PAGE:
Many, including Ashour, feel that Iraq is becoming a more violent society where discrimination is not only tolerated but normalised.
Talal al-Hariri, the secretary general of the liberal secularist October 25 movement, also believes that the proposed law is an attempt by corrupt MPs to distract the public from their failure to form a national government capable of providing public services and alleviating the economic crisis.
"It's unbelievable to think how our lives could soon be if MPs pass this law. It means more violence, more attacks, and more killings"
“We in the October 25 movement condemn this draft law because it is against the values of human rights, we are awaiting the international community’s voice on this issue to deter these backward policies and protect the rights of LGBT+ and all other minorities,” he told TNA.
“The pressure on the Iraqi government to protect the LGBT+ community is not at the level required. Personally, I received dozens of threats just because I advocated for the community’s rights, that is why, instead, I am active online through social media platforms to demand the freedom that LGBT+ people should have,” Hariri added.
In addition to violence, LGBTQ+ people face a range of daily discriminatory practices in Iraqi society, such as the inability to find jobs in the public and private sector, social isolation, and being stopped at checkpoints for their appearance.
Muntadher Ali, 23, (not his real name), from Basra told The New Arab that he felt shocked when he heard that Iraqi MPs had taken steps to ban homosexuality.
“It’s unbelievable to think how our lives could soon be if MPs pass this law. It means more violence, more attacks, and more killings. I think that under this law the government is legalising armed groups to kill us, but indirectly without holding them to account,” he said.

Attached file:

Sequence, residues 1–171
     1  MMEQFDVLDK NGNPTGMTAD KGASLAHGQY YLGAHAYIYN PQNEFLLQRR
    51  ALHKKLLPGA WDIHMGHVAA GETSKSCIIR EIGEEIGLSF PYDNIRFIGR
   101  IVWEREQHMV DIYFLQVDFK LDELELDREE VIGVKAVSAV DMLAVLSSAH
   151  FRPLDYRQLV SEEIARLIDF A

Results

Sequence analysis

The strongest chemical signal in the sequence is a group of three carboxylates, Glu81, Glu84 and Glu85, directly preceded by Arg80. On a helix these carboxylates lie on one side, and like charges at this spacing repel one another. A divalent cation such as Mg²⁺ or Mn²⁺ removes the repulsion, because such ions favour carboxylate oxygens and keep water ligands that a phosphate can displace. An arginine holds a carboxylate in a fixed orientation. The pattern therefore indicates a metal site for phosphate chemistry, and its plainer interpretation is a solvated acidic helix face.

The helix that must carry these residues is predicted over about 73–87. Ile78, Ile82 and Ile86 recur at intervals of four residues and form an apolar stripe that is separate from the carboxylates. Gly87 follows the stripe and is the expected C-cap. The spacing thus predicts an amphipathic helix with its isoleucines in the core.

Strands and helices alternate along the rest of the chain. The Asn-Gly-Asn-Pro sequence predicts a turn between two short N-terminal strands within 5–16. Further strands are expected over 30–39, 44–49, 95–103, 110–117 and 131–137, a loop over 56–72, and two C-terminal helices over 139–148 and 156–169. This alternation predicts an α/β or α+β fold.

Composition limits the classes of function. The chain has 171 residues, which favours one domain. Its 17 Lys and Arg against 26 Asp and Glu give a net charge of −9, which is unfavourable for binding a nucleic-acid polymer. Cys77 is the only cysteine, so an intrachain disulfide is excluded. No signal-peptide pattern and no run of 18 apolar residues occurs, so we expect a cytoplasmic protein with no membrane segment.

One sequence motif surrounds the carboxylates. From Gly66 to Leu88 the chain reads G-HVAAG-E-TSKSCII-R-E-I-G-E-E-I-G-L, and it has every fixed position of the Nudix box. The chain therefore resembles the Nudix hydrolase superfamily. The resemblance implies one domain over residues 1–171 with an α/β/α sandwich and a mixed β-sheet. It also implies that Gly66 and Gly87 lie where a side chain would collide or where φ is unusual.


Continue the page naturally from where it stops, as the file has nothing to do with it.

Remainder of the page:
He also echoes the views of other rights advocates who say that Iraqis want their politicians to provide jobs, health services, clean water, and electricity rather than focusing on issues such as homosexuality, which is insignificant compared to the failings of the ruling elite.
“All that we ask is for freedom or at least letting us live in peace. I do not want to be ‘meat’ for militias or armed groups, or even being watched by authorities,” Ali said.
While all countries aspire to have diversity in their society, the Iraqi government has failed to protect minorities, including the LGBTQ+ community, he said.
“Since 2003 until now minorities like Christians, Mandaeans, Yazidis, and others have fled their homes seeking a better and safer life due to the sectarian tensions of 2006-7 and successive governments' failures,” he added.
“I feel I am second class in the community just for being different”.
The New Arab contacted several Iraqi MPs for comment but did not receive a reply.
Azhar Al-Rubaie is a freelance journalist based in Iraq. His writing focuses on a variety of issues, including politics, health, society, wars, and human rights.
Follow him on Twitter: @AzherRubaie